Solastalgia: why so many of us have it

The concept of ‘home’ is difficult to define. For some people, it’s another person; for others, it’s an indefinable feeling. But all of us have places that we call home, whether they’re imbued with childhood familiarity or borne of new attachments made later in our lives. That connection to a familiar environment brings with it […]

Solastalgia: why so many of us have it

By Imogen Malpas

The concept of ‘home’ is difficult to define. For some people, it’s another person; for others, it’s an indefinable feeling. But all of us have places that we call home, whether they’re imbued with childhood familiarity or borne of new attachments made later in our lives. That connection to a familiar environment brings with it community, identity and comfort – and a sense of permanence, reassuring us that whatever may change in our own lives, home will still be there to welcome us back. But our homes are changing, and the damage it’s doing to our collective psyche is profound.

“Solastalgia” is the word that describes the new nostalgia for this generation: that deep sense of distress experienced by those watching their homes, those places familiar to them, be drowned, burned or swept away by the increasingly erratic forces of nature. It describes the psychological effect of climate change’s intrusion into our personal lives – a homesickness for the home you once had, but are losing before your eyes. Solastalgia has been documented among Australian farmers watching their beloved fields waste away under aggressive droughts, Appalachian citizens whose mountainous homelands are being cut away to enable coal mining, and Arizonans that have lost their neighbourhoods and communities to ever more frequent forest fires. Symptoms of solastalgia include hopelessness, fatigue, anger, guilt and despair.

Sound familiar? You’re definitely not alone. Depending on where you live, the circumstances of climate change and environmental disruption might not be so drastic, but it turns out that it doesn’t take much to throw the delicate mental and emotional balance between us and our surroundings out of whack. It’s now widely recognised that there’s a close link between mental health and the world around us: a ten-year survey of 2 million people found that for every increase in temperature of 1 degree Celsius in an area of America, the area’s population saw a 2% rise in mental health issues. It gets worse: an analysis of multiple studies concluded that the higher the heat, the greater the increase in interpersonal conflict, violence and suicide. Destroying our planet means destroying ourselves.

‘Symptoms of solastalgia include hopelessness, fatigue, anger, guilt and despair.’

The relief of naming this desperate sense of loss is the first small step towards recovery. But what else can we do about it? Here’s a toolkit for the days when it feels like your footprints are too heavy for the earth.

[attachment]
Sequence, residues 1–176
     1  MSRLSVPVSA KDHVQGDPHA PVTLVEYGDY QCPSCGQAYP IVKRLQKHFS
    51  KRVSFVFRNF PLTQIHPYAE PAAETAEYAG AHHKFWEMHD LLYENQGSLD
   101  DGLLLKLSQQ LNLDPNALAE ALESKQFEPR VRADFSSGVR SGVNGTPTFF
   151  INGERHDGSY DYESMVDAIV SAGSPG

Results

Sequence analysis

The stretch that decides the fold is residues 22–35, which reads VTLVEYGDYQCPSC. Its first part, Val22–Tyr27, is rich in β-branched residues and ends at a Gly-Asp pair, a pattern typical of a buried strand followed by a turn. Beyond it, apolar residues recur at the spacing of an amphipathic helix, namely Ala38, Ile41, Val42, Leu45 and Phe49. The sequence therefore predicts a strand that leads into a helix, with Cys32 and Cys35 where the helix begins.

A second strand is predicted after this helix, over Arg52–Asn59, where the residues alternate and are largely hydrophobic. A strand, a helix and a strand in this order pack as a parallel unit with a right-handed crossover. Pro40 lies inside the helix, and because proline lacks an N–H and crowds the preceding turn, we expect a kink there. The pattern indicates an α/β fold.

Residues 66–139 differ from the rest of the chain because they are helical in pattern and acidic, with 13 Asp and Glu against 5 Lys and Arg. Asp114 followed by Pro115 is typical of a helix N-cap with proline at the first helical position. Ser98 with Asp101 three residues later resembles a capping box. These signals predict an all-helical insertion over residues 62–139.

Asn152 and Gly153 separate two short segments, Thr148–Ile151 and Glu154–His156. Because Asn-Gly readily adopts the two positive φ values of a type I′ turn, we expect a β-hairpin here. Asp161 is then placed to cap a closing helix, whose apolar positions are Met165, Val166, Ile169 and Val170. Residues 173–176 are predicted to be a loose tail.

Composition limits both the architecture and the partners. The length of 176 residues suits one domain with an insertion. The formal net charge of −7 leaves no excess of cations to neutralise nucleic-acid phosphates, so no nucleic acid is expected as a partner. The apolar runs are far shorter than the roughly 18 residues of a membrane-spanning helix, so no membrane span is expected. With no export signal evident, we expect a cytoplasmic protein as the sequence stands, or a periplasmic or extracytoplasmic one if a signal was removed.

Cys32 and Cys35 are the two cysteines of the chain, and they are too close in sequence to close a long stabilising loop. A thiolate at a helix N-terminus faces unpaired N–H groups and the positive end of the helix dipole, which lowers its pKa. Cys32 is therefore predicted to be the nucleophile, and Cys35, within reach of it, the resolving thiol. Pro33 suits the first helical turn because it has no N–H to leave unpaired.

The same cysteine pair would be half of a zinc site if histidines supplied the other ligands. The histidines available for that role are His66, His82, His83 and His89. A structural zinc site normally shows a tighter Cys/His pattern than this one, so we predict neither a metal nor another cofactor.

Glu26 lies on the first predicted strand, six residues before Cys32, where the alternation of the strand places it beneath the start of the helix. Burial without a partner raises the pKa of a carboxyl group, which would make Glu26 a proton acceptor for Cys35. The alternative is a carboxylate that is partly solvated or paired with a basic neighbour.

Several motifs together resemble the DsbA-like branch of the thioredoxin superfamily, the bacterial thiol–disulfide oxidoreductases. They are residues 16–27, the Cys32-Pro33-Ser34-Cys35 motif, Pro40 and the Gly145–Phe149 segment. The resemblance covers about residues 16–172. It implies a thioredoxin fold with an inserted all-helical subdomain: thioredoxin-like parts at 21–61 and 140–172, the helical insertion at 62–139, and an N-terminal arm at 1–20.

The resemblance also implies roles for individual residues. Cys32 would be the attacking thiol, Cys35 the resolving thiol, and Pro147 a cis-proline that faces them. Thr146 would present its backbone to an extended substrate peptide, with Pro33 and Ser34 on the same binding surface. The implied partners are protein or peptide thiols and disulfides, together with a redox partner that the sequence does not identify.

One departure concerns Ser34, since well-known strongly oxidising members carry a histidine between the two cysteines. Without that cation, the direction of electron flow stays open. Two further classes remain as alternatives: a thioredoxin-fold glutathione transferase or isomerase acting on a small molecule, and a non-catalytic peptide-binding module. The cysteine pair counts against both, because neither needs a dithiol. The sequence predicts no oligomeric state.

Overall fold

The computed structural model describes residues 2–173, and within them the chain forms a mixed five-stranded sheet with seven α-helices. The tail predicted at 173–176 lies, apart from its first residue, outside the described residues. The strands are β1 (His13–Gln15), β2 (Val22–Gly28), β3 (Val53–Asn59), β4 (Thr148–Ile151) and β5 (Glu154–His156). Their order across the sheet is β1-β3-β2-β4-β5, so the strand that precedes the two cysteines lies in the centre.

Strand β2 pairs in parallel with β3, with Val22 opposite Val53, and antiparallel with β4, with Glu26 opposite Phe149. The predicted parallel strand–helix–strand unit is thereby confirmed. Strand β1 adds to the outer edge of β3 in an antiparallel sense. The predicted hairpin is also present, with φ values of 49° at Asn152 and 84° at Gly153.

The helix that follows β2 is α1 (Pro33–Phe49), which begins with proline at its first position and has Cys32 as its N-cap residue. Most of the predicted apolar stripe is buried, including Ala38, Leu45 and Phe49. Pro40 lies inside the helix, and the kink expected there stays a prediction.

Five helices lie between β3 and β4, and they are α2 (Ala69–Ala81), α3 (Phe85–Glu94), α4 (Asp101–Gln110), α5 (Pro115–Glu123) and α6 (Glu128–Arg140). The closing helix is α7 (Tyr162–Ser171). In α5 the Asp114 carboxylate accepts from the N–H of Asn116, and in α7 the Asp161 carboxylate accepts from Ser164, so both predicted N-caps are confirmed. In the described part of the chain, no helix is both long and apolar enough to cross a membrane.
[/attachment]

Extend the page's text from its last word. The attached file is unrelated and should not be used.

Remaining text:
• Donate to (or volunteer for) causes close to home
    Find whatever your community is in danger of losing, and defend it. This might be a wildlife reserve, a local park, a farm or a lake – whatever it is, lending your time or money to keeping it staffed and safe will not only benefit your environment for years to come but will show you how much power you have to determine the future of your world.
  • Forest bathing
    Time spent in nature is perhaps the most powerful non-medical restorative out there. This Japanese practice (don’t worry – no nudity involved) allows you to connect directly and physically with the environment around you. Find out more at forestryengland.uk.
  • Talk about how you feel
    It’s hard to put a lot of feelings into words, and solastalgia is no exception. But if so many people are experiencing something that a new term has been coined to describe it, chances are that those around you will get exactly where you’re coming from. Bringing up your fears with friends might lead to constructive discussion and new ideas on how to conserve what’s most important to you, and at the very least will reassure you that you don’t have to shoulder your worries alone.
  • Commit to one concrete action a day
    When it comes to the environment, the saying ‘every little helps’ couldn’t ring truer. Choose an eco-friendly action – whether that’s quitting meat for one day a week, investing in a reusable coffee cup for your daily fix, or heading to the local farmer’s market instead of a chain store for your groceries – and try to stick to it.
  • Start at home
    Little by little, you can transform your home into an oasis for you, your mind, and the environment. There’s so much you can do to make your house a haven of sustainability – you could start with establishing a bee haven outside your window, by planting bee-friendly plants like lavender and rosemary in a window box; heat-proofing your house on a budget by installing insulation and white-backed curtains; or switching harmful commercial cleaning products for their natural, gentler alternatives like vinegar and bicarbonate of soda
  • Write to your MP
    They’re there for a reason – and your voice has more power than you might think. Step one: find out what your MP has been saying about climate change at theyworkforyou.com. Not looking promising? Step two: write to them via their website, or contact the lobbying group Hope For The Future (hopeftf@gmail.com) for support. You can find even more creative ways of getting their attention at campaigncc.org. Bottom line: you can make them make a difference.

More of Imogen’s work here

More on climate change at Hope For The Future’s website here

 

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